The executive office of the president, consisting of President Obama’s chief advisers and overseen by the White House chief of staff, informed reporters recently about a “Statement of Administration Policy on H.R. 3438 — Unnecessary Delay of Rules Act.”
The bill could prevent the Federal Communications Commission from passing any “major-impact” rules — like some future Open Internet Order — until all legal appeals had been exhausted.
The EOP releases similar policy statements to reporters and others providing the White House’s take on legislation, statements easily findable in Outlook in these contentious days by using the search term “veto.”
This one was unusual, though. Although the bill number was correct, the EOP had made up its own headline as a snarky editorial comment, a troubling precedent for harried journalists who now have to double-check official White House statements for snark.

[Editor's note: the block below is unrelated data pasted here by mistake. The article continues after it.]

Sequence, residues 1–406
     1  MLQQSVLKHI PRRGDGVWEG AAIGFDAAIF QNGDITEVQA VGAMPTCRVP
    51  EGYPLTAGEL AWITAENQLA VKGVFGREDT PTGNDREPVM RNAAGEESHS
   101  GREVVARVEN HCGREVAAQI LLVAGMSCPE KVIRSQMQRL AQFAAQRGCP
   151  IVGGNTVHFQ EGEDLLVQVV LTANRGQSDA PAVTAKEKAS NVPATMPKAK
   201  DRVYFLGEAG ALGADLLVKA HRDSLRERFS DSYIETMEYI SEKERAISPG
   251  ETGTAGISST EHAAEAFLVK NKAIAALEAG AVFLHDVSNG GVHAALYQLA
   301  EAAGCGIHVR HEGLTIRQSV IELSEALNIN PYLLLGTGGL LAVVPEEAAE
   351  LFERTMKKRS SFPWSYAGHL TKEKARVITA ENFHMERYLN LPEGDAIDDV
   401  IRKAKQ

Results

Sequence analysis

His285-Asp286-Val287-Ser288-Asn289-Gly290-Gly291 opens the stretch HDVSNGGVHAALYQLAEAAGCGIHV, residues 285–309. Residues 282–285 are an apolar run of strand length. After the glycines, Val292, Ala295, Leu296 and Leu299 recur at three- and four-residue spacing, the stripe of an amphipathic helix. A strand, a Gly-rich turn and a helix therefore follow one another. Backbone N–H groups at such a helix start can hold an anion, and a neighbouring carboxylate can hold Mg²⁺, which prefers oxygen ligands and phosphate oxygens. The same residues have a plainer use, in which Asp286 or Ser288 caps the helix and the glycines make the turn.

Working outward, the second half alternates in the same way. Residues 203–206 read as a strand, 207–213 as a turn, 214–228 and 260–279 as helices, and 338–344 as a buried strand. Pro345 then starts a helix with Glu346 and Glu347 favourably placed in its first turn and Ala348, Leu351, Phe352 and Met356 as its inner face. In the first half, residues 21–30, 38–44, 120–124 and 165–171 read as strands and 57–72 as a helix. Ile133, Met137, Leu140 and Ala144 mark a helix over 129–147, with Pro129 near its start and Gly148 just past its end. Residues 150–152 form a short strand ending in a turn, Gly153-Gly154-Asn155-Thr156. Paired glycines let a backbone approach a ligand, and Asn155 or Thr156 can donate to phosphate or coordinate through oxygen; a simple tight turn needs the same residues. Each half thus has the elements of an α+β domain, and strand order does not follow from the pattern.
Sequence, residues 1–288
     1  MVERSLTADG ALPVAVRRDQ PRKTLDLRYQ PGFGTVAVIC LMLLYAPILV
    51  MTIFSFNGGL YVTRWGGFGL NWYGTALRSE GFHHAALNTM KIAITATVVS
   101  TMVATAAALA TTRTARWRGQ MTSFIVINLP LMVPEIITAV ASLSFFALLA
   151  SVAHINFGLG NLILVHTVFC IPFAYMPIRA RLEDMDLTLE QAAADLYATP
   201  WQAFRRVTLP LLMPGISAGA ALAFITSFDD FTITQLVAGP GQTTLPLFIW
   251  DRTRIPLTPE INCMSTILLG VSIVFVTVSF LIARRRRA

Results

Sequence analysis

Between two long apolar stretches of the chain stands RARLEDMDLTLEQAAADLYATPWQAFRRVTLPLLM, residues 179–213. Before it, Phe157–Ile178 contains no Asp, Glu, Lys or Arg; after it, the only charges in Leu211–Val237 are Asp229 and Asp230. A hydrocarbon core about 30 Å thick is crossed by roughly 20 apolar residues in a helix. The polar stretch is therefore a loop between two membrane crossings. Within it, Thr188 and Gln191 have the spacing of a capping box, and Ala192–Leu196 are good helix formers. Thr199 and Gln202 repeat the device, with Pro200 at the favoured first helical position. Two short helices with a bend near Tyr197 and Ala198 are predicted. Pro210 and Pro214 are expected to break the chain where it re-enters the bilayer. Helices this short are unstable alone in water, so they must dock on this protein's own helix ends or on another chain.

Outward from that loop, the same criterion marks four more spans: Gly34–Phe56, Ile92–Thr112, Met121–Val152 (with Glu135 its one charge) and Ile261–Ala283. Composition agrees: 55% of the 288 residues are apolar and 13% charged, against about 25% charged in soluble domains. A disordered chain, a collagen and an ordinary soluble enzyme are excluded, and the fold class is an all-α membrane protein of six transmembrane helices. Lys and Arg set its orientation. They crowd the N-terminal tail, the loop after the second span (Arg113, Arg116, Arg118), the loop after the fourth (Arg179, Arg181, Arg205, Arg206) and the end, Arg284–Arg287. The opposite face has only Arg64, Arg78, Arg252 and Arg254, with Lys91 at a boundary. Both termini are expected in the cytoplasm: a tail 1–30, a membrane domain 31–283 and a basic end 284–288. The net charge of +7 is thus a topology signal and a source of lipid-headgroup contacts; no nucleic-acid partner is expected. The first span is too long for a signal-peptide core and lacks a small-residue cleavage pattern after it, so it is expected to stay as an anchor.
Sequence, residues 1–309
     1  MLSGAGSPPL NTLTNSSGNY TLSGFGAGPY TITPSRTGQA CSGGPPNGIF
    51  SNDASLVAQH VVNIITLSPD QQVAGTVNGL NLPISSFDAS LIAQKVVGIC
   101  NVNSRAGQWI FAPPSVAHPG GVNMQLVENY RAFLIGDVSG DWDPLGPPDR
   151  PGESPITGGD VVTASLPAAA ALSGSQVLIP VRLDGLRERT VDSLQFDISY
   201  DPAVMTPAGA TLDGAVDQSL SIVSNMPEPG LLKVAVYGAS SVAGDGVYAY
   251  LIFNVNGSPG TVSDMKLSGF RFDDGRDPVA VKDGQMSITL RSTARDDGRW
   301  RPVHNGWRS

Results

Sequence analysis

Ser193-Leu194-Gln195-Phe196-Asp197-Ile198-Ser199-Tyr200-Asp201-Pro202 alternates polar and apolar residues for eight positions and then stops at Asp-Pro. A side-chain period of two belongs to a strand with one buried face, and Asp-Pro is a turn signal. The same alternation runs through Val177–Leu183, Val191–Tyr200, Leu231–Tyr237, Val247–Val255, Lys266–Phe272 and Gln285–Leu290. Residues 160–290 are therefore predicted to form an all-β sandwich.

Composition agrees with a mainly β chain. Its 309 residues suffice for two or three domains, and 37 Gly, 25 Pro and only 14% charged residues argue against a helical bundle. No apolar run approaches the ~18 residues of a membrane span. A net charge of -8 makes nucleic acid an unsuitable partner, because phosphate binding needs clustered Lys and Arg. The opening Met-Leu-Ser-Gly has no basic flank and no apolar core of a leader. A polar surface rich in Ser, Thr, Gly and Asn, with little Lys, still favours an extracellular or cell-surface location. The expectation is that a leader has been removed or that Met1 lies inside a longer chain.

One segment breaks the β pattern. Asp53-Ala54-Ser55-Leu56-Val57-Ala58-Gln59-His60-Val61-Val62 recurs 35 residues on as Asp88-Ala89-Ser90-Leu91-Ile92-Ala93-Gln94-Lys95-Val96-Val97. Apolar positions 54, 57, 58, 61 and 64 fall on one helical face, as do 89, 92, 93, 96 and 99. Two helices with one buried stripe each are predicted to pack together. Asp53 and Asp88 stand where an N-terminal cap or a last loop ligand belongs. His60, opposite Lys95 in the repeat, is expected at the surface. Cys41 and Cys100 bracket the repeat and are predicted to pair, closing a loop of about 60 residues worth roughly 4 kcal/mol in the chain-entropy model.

The statement attributes the bill to sponsor Tom Marino (R-Pa.) as though he had put his name to that rather than the actual title, the Require EValuation before Implementing Executive Wishlists [or “REVIEW”] Act of 2016. A Marino staffer was not amused by the EOP’s retitling.
The Wire likes a good joke as well as the next page of editorial. Had the EOP slipped it in as an aside with a little smiley face — like, say, “What is the sound an elephant makes when it’s running roughshod over rights and freedoms? Trump! Trump! Trump!” — we would, like, totally get that. But there is a time and place, and planting facetious asides in official documents without warning is not one of them.
The EOP doesn’t like the bill and said the president would likely veto it. Fair enough. But to rechristen the bill with a snarky name smacks more of an April Fool’s joke than what should be acceptable policy.